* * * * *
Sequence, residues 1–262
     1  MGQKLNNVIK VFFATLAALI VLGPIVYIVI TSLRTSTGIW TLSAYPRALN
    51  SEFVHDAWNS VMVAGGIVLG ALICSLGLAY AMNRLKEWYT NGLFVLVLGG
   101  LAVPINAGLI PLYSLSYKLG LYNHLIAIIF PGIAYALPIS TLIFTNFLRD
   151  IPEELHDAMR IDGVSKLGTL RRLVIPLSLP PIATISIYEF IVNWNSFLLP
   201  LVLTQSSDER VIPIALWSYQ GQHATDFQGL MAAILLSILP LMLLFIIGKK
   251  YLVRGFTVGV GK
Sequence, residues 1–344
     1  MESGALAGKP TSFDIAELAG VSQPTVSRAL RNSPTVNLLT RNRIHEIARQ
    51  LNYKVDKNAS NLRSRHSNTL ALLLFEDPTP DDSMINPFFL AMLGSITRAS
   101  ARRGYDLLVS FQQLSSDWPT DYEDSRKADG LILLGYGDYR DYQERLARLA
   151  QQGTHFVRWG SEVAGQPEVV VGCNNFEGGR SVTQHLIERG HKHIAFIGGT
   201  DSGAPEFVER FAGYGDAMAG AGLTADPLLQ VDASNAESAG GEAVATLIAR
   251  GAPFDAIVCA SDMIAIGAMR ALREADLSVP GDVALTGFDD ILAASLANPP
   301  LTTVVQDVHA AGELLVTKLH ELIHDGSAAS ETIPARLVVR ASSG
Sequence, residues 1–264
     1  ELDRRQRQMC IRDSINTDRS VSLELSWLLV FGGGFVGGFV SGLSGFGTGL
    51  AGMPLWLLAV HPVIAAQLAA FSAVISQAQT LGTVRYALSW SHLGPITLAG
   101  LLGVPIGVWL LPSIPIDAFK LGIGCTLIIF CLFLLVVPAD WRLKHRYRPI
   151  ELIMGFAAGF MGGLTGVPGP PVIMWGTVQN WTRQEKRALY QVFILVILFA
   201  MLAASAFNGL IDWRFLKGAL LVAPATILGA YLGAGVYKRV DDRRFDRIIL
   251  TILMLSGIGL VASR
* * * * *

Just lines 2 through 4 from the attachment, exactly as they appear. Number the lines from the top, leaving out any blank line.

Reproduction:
     1  MGQKLNNVIK VFFATLAALI VLGPIVYIVI TSLRTSTGIW TLSAYPRALN
    51  SEFVHDAWNS VMVAGGIVLG ALICSLGLAY AMNRLKEWYT NGLFVLVLGG
   101  LAVPINAGLI PLYSLSYKLG LYNHLIAIIF PGIAYALPIS TLIFTNFLRD